Excerpted from BIFF: A Discussion on HCPs

BIFF book cover - red

© 2013 By Bill Eddy, LCSW, Esq. Lack of Self-Awareness The hardest thing to “get” about HCPs is that they lack an awareness of how they contribute to their own problems. They honestly view other people as causing the way they feel and the way they act. “She makes me feel this way.” “He made me do it.” They think they have to react the way they do, in order to protect themselves or to connect with people without feeling extremely vulnerable psychologically. They may be aware that other people react negatively to them, but they think that it’s everyone else’s fault. Sure, they may be aware that they are lying sometimes or manipulating sometimes. But they feel that they have to lie and manipulate, because of unmanaged fears within themselves that they are not aware of. And you can’t tell them that! And you can’t change them! Trying to point out these hidden feelings will most likely trigger an intense rage against you. They’re hidden for a reason. For many HCPs, this pattern of behavior is the result of childhood abuse. They learned that it didn’t matter whether they were bad or good – they still got physically hit, verbally abused, ignored, neglected or otherwise abused. They grew up learning that aggressive behavior is how you solve problems. For other HCPs, it is a result of being raised with a strong sense of entitlement and exaggerated self-esteem. They learned that it didn’t matter whether they were good or bad – they still got what they wanted! This seems to have increased in society since the 1970’s with the increased emphasis on self-esteem. While having low self-esteem is a bad thing, too much self-esteem is also a bad thing – if it teaches people that they are superior to others and that they can get whatever they want, without learning skills and without working for it. In both cases, abuse or entitlement, HCPs have not learned that their own behavior creates or worsens the conflict situations they are in. In many ways, this is a disability, as HCPs can’t see the connection between their own actions and how others respond to them. They don’t know how to solve relationship problems, so they make things worse and don’t understand why they feel so miserable so much of the time. They turn these feelings into blaming others – and staying upset. Because blaming others doesn’t solve problems. Bill Eddy is a lawyer, therapist, and mediator. He is the co-founder and Training Director of the High Conflict Institute, a training and consultation firm that trains professionals to deal with high conflict people and situations. He is the author of several books and methods for handling high conflict personalities and high conflict disputes with the most difficult people.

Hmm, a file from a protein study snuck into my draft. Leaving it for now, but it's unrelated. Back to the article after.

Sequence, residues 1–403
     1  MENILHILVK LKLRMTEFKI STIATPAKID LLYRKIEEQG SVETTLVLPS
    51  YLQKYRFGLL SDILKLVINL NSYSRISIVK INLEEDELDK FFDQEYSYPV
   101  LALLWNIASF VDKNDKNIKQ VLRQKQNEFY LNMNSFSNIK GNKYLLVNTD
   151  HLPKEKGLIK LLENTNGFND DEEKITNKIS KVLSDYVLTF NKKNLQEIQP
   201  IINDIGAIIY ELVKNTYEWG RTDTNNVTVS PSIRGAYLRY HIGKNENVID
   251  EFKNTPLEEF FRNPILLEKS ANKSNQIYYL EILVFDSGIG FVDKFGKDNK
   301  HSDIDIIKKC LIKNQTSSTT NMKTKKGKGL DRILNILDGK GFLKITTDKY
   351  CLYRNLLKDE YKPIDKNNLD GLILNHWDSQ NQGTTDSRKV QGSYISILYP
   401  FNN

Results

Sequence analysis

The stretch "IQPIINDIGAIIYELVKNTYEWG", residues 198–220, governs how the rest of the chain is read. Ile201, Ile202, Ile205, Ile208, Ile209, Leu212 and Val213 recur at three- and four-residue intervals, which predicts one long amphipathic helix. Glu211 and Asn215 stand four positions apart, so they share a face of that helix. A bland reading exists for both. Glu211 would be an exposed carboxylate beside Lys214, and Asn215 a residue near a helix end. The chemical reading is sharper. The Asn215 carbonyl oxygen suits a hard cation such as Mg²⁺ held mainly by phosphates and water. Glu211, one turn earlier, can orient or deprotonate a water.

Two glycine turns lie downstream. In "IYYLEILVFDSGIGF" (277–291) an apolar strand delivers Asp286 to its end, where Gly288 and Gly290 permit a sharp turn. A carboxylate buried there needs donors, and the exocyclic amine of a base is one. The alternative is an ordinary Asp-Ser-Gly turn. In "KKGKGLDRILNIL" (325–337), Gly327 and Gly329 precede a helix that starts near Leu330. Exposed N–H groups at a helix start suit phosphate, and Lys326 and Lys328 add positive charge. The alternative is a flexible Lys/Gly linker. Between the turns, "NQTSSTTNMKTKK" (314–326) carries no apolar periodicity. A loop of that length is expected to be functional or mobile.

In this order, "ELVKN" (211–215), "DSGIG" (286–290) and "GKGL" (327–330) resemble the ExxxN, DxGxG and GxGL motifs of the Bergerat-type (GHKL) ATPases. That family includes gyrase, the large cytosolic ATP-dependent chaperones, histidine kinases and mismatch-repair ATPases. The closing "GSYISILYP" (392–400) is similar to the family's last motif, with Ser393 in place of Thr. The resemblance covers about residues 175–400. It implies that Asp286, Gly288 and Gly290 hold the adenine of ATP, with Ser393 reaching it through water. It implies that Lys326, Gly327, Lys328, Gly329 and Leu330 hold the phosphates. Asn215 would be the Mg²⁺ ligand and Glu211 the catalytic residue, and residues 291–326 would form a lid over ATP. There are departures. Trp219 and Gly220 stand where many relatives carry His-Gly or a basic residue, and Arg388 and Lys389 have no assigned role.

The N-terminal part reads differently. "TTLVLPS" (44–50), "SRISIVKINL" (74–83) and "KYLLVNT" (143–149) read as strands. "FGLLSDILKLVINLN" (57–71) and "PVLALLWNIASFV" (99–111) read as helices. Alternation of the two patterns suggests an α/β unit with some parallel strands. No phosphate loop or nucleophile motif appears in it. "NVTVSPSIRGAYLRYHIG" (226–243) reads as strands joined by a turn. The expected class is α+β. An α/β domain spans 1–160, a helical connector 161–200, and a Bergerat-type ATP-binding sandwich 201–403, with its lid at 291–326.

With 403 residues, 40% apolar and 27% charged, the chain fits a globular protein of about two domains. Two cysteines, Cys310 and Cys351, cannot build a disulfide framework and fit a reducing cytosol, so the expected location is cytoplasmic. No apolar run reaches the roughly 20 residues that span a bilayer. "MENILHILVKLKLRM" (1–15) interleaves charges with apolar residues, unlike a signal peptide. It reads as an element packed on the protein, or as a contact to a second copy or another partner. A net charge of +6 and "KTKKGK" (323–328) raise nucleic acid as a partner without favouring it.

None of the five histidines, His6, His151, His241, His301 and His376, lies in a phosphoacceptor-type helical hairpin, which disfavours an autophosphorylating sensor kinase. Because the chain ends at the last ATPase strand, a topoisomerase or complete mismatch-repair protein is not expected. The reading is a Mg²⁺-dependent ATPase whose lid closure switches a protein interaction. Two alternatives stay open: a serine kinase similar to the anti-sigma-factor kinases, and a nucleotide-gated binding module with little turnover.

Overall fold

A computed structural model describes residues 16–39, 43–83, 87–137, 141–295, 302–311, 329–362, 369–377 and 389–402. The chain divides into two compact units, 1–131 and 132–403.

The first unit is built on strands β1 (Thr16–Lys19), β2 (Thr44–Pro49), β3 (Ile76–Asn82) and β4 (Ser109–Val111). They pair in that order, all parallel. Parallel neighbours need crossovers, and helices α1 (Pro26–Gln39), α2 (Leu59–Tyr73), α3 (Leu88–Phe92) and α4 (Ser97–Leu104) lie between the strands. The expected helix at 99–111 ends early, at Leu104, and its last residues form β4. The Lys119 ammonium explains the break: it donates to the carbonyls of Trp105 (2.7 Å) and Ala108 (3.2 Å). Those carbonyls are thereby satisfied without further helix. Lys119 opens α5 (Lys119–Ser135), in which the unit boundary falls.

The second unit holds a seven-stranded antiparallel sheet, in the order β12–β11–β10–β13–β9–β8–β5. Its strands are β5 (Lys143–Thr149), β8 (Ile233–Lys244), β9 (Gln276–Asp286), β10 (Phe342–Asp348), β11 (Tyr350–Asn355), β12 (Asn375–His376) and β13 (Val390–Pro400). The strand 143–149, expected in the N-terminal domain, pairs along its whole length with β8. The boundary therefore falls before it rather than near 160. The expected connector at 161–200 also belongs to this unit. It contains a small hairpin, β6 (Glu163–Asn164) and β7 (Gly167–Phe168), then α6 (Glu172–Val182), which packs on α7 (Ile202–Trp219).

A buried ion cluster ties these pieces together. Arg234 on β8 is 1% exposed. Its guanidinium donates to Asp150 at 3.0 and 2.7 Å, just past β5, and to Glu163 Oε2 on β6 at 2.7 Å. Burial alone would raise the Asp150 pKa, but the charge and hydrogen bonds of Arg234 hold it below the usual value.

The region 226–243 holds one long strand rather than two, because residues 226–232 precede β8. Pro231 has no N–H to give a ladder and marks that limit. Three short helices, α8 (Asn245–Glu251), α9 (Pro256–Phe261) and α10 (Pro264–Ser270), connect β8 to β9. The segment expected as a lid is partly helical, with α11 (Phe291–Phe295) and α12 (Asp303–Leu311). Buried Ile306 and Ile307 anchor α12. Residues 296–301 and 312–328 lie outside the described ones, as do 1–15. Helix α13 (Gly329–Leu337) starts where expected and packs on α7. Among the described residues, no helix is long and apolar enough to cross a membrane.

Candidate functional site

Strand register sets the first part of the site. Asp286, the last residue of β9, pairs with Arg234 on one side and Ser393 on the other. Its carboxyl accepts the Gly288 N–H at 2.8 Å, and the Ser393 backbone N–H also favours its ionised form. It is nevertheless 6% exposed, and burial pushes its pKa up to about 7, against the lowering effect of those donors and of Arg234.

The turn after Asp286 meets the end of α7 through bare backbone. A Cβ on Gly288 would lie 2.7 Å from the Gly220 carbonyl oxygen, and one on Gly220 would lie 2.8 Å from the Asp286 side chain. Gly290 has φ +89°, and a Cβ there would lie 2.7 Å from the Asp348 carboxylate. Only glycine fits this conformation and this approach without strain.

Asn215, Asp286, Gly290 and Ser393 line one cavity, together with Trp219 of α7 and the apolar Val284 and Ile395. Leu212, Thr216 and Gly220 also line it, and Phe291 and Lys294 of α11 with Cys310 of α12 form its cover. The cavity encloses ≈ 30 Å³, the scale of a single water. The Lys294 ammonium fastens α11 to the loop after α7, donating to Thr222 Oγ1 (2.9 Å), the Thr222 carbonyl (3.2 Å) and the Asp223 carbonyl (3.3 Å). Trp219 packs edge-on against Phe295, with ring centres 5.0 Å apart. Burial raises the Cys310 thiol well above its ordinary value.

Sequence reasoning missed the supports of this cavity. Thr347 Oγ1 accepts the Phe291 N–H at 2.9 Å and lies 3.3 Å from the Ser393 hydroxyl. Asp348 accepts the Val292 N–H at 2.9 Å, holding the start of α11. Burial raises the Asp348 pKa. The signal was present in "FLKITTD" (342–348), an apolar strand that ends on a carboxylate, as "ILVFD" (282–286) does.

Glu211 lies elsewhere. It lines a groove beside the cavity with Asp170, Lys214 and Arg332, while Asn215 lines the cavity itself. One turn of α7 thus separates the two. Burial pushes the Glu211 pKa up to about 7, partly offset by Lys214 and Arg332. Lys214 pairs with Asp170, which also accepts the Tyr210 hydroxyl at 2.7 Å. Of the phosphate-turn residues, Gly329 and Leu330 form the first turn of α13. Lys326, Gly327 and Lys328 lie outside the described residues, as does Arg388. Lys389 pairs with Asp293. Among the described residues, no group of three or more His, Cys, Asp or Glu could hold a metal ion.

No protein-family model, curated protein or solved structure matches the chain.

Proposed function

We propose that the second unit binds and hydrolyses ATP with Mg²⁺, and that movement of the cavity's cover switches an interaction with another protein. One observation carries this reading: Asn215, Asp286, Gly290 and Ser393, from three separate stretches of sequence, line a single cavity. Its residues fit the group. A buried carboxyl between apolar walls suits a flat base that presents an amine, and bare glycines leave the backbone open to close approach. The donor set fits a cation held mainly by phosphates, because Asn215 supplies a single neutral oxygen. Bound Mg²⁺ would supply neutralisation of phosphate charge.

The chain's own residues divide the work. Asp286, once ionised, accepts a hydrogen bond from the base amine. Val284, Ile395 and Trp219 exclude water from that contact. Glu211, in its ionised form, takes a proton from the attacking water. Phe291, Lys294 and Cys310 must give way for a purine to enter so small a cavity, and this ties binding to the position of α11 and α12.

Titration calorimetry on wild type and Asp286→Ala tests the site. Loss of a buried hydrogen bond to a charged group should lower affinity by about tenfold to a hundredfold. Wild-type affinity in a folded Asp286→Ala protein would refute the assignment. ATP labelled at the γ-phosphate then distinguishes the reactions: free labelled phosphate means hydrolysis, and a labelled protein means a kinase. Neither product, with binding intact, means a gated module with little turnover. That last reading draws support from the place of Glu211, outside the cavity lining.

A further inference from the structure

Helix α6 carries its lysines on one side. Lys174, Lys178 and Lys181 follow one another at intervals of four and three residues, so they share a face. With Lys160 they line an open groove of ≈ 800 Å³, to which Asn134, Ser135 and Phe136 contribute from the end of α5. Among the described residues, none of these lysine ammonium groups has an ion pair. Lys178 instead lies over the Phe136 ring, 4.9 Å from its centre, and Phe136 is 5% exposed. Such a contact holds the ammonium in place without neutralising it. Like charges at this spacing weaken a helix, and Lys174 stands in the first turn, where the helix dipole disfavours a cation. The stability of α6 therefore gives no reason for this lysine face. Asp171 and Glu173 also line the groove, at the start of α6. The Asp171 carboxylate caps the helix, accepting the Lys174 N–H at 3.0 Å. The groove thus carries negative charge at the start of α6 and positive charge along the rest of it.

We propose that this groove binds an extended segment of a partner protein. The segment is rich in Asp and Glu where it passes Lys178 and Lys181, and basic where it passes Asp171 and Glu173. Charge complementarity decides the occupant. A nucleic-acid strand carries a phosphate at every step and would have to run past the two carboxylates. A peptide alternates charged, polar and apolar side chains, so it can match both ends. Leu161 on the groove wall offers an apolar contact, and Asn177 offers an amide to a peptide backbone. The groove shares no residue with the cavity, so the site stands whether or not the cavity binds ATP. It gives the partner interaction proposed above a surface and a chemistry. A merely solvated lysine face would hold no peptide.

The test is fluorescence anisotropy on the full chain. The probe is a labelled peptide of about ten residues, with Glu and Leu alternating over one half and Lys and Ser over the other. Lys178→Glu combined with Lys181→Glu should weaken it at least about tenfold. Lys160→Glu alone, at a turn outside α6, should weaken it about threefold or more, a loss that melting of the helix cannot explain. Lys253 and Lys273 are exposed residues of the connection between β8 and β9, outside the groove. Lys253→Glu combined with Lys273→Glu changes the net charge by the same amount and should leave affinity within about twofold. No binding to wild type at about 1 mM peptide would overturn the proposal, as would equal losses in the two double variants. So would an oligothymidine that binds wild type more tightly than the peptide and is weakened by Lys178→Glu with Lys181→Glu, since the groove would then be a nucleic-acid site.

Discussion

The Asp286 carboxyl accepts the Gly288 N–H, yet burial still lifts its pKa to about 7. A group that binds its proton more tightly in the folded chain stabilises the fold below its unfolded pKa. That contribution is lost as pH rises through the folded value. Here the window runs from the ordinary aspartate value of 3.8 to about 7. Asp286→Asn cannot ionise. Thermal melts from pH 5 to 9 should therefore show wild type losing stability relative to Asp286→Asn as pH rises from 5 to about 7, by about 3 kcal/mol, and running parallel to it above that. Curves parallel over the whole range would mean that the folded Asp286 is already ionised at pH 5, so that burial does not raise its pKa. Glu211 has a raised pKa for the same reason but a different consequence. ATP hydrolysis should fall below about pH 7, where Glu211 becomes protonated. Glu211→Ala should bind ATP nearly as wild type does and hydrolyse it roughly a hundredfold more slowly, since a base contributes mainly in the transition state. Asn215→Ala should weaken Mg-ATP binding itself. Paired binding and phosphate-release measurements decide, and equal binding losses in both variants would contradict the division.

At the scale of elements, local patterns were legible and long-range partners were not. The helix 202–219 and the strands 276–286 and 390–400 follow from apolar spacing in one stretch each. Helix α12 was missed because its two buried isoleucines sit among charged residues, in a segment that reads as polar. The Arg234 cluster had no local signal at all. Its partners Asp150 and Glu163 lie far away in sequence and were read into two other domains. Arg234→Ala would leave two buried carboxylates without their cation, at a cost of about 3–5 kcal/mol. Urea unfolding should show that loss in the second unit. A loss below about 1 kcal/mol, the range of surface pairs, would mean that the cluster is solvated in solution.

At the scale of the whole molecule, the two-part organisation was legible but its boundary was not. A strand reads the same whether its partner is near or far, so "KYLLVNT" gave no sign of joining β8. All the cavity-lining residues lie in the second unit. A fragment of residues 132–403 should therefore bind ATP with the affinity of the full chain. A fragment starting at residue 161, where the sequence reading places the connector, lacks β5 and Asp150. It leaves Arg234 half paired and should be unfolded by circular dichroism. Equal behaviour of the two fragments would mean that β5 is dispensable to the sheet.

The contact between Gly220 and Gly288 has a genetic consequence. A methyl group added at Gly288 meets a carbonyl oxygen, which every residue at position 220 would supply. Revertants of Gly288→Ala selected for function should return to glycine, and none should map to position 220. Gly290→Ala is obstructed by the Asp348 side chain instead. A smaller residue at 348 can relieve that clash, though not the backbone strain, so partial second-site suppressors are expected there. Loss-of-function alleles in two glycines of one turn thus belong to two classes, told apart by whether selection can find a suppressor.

Excerpted from Splitting America: How “Splitting” Generates Hatred

© 2012 By Bill Eddy, LCSW, Esq. and Don Saposnek, Ph.D In high-conflict divorce, children often grow to hate one of their parents – even a parent they were very close to and loved just a year or two earlier. It’s an intense hatred and disdain that is deeply emotional. They can think of nothing good about that parent (the “rejected” parent), and they can think of nothing bad about their favored parent. It’s an example of how high-conflict behavior creates splitting in the minds of bystanders – in this case, the children. How does this happen? Many high-conflict divorces are driven by one or two parents with borderline or narcissistic personality disorder (Eddy & Kreger, 2011). One of the traits of this disorder is “splitting” people into those who are all-good and those who are all-bad, in their minds. Sometimes they even see themselves as all-good one day and all-bad the next. You might think that’s weird and decide to avoid such people. But you can’t – there are too many of them. Splitting is unconscious and contagious – just like the effects of advertising. It gets past your radar and you come to believe it – unless you realize what is happening. The reason is that high-conflict emotions are highly contagious. If you’re in a high-conflict emotional environment, you will “catch” this splitting tendency and start to view people as all-good or all-bad, as well. Children are especially vulnerable to absorbing splitting, but adults do as well – especially in high-conflict divorce and, as we are now observing, in high-conflict politics. For example, in high-conflict divorce, other adult family members and friends come to despise one of the spouses and blame the divorce entirely on that person – and on his or her relatives and friends. And, as noted above, it’s even common for professionals involved in a high-conflict divorce case to develop an extreme disrespect and disdain for each other, as they choose sides and support only their clients. Bill Eddy is a lawyer, therapist, and mediator. He is the co-founder and Training Director of the High Conflict Institute, a training and consultation firm that trains professionals to deal with high conflict people and situations. He is the author of several books and methods for handling high conflict personalities and high conflict disputes with the most difficult people.